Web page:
"You feel betrayed," said Kenny Nelson. "I mean, it's supposed to be a state office. There should be some way to stop that."
There are more than a dozen exemptions to the Federal Driver's Privacy Protection Act.
Malley said, "The exemptions, unfortunately, allow access to your DMV record."
We contacted three of our local state legislators. They each had different levels of awareness regarding a state agency was selling your DMV record.
Alabama State Rep. Napoleon Bracy has had a personal experience.
"We've been contacted about a car we haven't had for about five years, and we've received phone calls on our cell phones," Bracey said. "We've received information in the mail about someone wanting to buy this car back, and we continuously tell them month to month we don't have this car anymore. But they still continue to call, and now I understand where this information is coming from and how these people got our personal information in the first place."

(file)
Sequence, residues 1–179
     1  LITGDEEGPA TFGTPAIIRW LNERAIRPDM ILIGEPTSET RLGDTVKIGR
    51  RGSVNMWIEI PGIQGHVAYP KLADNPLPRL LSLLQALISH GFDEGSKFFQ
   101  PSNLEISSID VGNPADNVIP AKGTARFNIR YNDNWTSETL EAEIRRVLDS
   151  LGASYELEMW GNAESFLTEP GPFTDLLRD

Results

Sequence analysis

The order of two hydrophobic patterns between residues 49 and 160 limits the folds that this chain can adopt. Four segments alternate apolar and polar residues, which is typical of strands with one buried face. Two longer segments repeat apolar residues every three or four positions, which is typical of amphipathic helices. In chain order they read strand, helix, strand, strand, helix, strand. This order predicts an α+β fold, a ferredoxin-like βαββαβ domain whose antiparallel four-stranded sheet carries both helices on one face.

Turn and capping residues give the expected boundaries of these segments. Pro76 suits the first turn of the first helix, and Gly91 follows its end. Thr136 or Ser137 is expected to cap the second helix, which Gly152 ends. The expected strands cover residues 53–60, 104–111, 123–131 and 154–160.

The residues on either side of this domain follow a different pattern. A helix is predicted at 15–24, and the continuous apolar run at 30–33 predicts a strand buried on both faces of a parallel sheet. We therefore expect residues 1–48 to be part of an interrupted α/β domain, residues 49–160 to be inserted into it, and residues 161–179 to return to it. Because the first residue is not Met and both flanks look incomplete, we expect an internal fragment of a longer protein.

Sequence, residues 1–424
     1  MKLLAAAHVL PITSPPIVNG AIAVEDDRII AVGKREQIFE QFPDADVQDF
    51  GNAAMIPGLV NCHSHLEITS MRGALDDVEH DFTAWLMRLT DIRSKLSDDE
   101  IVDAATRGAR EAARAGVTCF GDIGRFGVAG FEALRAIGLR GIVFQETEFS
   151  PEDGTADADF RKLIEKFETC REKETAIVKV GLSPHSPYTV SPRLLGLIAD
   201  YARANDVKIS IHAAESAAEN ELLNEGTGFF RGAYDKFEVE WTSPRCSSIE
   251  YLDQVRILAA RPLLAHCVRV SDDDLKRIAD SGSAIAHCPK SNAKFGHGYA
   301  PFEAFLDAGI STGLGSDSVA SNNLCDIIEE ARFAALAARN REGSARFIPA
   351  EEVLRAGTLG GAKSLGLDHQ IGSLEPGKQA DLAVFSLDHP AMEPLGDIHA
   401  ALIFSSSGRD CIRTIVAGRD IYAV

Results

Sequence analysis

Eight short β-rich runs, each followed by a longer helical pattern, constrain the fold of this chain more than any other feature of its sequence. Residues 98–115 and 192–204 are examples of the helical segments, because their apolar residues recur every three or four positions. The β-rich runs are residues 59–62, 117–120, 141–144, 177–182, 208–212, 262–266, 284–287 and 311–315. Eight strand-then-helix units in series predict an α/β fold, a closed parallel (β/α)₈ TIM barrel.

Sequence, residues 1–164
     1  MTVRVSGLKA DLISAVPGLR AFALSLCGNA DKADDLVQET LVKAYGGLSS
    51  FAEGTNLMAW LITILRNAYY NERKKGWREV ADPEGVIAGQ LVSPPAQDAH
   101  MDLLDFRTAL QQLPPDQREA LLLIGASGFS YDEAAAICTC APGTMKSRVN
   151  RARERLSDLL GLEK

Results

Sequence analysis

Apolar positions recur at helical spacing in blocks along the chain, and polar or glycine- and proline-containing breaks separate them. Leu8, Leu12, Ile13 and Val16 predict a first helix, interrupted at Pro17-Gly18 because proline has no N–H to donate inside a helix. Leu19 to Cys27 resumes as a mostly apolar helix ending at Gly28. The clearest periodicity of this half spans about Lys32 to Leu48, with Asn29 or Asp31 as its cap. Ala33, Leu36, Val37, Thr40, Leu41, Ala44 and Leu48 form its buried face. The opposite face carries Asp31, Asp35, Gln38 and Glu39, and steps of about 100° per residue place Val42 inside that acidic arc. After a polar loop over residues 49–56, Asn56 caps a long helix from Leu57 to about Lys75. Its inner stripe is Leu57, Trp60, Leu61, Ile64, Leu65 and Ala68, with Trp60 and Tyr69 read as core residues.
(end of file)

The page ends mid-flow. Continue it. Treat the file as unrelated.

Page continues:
Attorney Malley said there is one way to stop it.
"Go to the Department of Motor Vehicle," Malley explained. "They have, under the DPPA, the ability to ask for a five-year check. The state of Alabama can request from the two parties that are obtaining the database that they provide to the state of Alabama a list of any party that is actually purchasing that data. Obviously, if you were to see that you would then see the marketing companies that are then buying from these parties."
He added, "That would pretty much shut down the access by these marketing companies, better than what you have right now."
Bracy believes your state government should help you protect your privacy.
"Since we've started this conversation I've contacted Montgomery and hopefully we can begin the process of creating an opt-out box for these forms," Bracy said. "I think people deserve the right to be able to keep that information private.".
FOX10 News was told there are exemptions for one group in Alabama.
John Bennett, deputy chief of staff and communications director for the Alabama Secretary of State, tells FOX10 News in an email that victims of domestic violence "is the only group that can request that their information be withheld, per state law."
We did contact both Experian and Equifax for our report. But, we have not gotten a response back to our information request.